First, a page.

Every survival story must be publicly proclaimed

However much we may want to avoid overly dwelling on the hell that engulfed Rwanda in 1994, we must know that decency alone, if nothing else, demands us to publicly proclaim and repeatedly recite all who endured it, especially during this season of sorrow.

However much we may want to avoid overly dwelling on the hell that engulfed Rwanda in 1994, we must know that decency alone, if nothing else, demands us to publicly proclaim and repeatedly recite all who endured it, especially during this season of sorrow.

For, not doing so is playing in the hands of those who deny or minimise the Genocide against the Tutsi.

If 1,074,017 victims have been confirmed to have perished, why does the world continue to insist on quoting “800,000”, not “over 1m”, if it’s not to minimise it? Yet, even today, every so often victims are discovered in hitherto unknown places.

Just as every so often we encounter a hitherto unheard story of a survivor that still manages to convulse us, as I did only the other day: a story like the following, which I chanced upon last month, on a visit to a friend in Mageragere.

In April 1994, Leititia, at seven years old, was a blossoming, vivacious and beautiful thing in second year of primary education.

As Leititia recounts, today there being no school, rather than engaging in seeking to fulfil scholarly aspirations, she was busy in family chores, carrying water drawn from a river on her head.

“Today” here refers to 20th April 1994 in the then Butare Prefecture, where Leititia had lived in a happy family of six.

That “today” would turn out to be the beginning of an unimaginable brutishness that she’d live for the rest of her life.

At the family house doorway, she found her father and siblings lying mutilated, in a pool of blood. She could hear noises inside and so, walking gingerly back, she climbed up a tree in the compound and hid in its branches.

When Interahamwe/rapists were through with her mother, they killed her and, on leaving the house, they noticed the water container. They knew the girl was hiding somewhere but their search yielded nothing. They left, promising to return later; more urgent ‘work’ awaited them.

When night fell, little Leititia climbed down and, like a zombie, just walked away from the house until she collapsed and slept on the side of the path. She was roused awake in the morning by a gendarme going on duty, who took pity on her and left her in the care of his wife.

However, “care” was far from the wife’s mind, as Leititia learnt when she overheard her talking to neighbours later, and at night she set off again, on her ‘zombie walk away’.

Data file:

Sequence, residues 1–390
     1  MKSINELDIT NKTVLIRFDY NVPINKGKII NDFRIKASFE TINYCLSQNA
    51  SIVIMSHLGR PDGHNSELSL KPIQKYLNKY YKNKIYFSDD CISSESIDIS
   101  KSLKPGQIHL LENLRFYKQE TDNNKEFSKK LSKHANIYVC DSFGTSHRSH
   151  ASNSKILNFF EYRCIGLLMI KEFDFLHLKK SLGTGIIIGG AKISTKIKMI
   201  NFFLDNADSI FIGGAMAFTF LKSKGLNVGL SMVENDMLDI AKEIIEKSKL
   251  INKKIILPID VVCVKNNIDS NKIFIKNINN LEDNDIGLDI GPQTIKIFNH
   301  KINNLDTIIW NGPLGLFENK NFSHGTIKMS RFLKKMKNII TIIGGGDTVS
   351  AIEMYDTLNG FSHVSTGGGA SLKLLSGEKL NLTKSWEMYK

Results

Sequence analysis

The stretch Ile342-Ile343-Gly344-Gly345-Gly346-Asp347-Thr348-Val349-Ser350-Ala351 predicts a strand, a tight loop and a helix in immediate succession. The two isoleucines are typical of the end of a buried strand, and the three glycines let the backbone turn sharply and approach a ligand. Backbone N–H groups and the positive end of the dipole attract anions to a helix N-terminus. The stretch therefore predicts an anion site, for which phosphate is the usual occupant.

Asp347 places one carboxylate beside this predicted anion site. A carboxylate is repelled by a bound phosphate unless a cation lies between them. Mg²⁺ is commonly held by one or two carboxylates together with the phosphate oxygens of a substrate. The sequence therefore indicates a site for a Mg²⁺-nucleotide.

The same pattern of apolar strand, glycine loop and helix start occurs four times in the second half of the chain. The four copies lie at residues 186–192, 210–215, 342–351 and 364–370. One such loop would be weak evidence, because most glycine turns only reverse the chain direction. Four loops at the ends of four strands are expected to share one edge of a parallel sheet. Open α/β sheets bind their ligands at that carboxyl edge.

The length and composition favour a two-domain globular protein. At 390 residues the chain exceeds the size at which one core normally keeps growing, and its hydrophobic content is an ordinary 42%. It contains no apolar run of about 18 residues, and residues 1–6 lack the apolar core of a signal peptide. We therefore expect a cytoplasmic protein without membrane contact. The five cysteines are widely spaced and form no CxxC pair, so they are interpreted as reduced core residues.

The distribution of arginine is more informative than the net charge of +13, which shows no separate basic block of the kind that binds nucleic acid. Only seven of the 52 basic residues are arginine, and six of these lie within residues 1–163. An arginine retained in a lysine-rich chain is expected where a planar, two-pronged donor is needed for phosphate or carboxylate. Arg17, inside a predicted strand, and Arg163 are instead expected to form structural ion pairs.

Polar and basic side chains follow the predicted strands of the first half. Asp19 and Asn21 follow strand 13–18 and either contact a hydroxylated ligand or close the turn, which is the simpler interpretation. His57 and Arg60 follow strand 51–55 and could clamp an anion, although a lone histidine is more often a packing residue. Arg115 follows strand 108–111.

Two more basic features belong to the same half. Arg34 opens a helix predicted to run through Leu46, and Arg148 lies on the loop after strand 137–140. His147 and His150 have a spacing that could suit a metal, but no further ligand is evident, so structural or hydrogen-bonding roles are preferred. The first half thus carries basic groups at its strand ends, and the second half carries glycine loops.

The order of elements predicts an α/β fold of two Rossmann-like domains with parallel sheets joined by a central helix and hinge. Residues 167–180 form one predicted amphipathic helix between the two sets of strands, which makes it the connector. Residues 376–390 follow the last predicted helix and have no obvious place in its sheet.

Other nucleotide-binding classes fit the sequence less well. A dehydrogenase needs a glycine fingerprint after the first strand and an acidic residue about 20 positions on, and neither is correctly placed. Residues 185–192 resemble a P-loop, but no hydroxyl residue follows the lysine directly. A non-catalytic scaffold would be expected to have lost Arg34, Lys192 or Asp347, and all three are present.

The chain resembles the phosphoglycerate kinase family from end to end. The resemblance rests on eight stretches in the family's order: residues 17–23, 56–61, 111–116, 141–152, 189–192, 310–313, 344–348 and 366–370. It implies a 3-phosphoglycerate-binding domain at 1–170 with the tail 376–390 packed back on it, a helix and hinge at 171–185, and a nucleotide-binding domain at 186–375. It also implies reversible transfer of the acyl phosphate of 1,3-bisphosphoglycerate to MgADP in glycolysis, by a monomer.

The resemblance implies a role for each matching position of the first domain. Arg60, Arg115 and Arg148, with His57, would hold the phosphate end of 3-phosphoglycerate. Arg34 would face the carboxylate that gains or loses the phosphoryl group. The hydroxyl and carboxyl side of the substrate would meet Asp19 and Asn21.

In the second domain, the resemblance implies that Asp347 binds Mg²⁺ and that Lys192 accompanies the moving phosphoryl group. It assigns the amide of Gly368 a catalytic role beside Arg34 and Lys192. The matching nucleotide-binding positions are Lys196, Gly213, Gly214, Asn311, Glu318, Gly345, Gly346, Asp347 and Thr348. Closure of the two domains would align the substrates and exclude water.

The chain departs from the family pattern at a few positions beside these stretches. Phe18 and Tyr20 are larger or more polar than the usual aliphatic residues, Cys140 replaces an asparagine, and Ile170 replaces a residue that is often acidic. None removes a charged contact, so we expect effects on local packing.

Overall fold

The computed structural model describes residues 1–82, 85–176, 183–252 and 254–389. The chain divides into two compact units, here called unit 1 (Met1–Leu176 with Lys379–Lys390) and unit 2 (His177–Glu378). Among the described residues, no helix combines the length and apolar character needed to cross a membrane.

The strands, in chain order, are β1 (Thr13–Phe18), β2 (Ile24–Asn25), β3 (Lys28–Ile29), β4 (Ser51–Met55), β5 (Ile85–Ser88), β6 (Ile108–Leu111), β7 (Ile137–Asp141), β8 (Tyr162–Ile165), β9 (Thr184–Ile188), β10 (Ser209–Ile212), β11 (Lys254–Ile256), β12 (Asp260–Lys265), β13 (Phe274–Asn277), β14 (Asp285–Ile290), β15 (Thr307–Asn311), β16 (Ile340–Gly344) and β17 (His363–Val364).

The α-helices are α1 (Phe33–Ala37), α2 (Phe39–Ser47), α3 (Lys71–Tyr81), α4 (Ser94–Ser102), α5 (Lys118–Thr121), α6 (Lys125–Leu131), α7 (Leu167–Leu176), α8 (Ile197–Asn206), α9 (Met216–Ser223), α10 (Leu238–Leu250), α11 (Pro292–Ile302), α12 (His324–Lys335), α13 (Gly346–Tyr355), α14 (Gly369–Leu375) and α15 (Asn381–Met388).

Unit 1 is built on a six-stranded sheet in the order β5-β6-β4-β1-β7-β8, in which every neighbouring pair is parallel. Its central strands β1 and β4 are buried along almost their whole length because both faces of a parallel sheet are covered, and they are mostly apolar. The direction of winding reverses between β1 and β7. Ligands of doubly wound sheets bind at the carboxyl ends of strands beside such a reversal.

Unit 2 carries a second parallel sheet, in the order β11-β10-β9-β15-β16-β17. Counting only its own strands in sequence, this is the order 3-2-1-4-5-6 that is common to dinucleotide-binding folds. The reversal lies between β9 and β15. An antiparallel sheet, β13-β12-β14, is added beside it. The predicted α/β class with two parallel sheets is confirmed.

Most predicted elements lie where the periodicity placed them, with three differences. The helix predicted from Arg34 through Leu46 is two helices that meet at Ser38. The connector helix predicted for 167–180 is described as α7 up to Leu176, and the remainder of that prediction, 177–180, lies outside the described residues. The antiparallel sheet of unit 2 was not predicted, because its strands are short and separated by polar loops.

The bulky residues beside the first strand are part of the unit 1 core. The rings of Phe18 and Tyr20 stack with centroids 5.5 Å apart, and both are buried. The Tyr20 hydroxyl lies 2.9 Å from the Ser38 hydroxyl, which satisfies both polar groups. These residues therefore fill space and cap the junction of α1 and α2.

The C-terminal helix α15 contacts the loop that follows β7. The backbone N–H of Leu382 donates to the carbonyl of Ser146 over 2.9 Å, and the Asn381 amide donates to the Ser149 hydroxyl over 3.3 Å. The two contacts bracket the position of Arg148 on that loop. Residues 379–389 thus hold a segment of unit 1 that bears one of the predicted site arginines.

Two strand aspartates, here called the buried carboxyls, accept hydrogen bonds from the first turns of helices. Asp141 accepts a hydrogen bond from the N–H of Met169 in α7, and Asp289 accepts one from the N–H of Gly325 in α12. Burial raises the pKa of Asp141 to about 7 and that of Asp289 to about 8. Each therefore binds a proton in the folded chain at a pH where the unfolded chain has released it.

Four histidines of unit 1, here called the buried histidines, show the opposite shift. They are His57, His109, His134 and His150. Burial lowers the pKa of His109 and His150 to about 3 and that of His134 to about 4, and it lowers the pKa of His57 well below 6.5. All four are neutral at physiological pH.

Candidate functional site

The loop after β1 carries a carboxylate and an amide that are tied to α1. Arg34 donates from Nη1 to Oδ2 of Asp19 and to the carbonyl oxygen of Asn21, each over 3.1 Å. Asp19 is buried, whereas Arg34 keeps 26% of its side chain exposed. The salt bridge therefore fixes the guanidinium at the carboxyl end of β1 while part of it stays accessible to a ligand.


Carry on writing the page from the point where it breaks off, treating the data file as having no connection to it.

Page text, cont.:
Excruciating details apart, a month or so later she ‘miraculously’ found herself in Kigali, after walking more than 250km, scrounging for bits of edibles on the way. Relatives from Kigali had always talked about living near Gitikinyoni.

But, unknowingly, she found herself around Remera Giporoso where a ‘Good Samaritan’, an elderly man, offered to ‘shelter’ her.

That’s when she realised that, as words, ‘miraculously’, ‘Good Samaritan’ and ‘shelter’, in this “land of milk and honey”, as she had been taught to recite in class, had lost meaning. The “milk and honey” bit itself was a sick misnomer.

In fact, equating hell to that Rwanda was an insult to hell!

Recounting the agony little Leititia went through in Remera with the ogre of a “Samaritan” is not for the weak hearted. Suffice it to say that from that night, her tender, seven-year-old body was subjected to nightly torment that left her dead to all senses.

It was the same nightmare every night: clank the door open; tear at her; sometimes throw crumbs of food at her; assure her death awaits outside in form of Interahamwe; lock the hovel from outside after about an hour; bam and scram.

For eternity, her bleeding, starving body lay in the dark dungeon and underwent that torture without even a mat to lie on. And, needless to say, without water, fire, cloth, anything.

It was in these conditions that she gave birth to a baby girl four years later, assisted by the “Samaritan”. And another baby girl, five years later. And a baby boy, seven years later.

Wrap your mind around this: at fourteen years of age, bleeding-skeleton Leititia was mother to three bleeding-skeleton babies, fathered by a génocidaire-killer of thousands of her kith and kin.

When the rotting foursome emerged from the dungeon covered in maggots, rescued by neighbours who heard the cry of a baby, it was 2001! Rwanda had seen the fall of the génocidaire government and the RPF government was in its seventh year of existence!

Where the vampire “Samaritan” is, whom Leititia wouldn’t recognise, anyway, she knows not.

“My biggest regret is that I’ll never be able to see President Kagame!” says now-blind, HIV-afflicted Leititia. Her plight is no longer on her mind; she has learnt to live with it.

She is happy that her children are going to school free; she is on free anti-retroviral drugs; has a brick house with electricity and running water; survivors have seen their dignity restored; many killers and their victims have reconciled; she lives in a clean, prospering Rwanda.....

However teary our eyes and often our telling, we must bring out these stories.

butapa@gmail.com

butamire.wordpress.com

 

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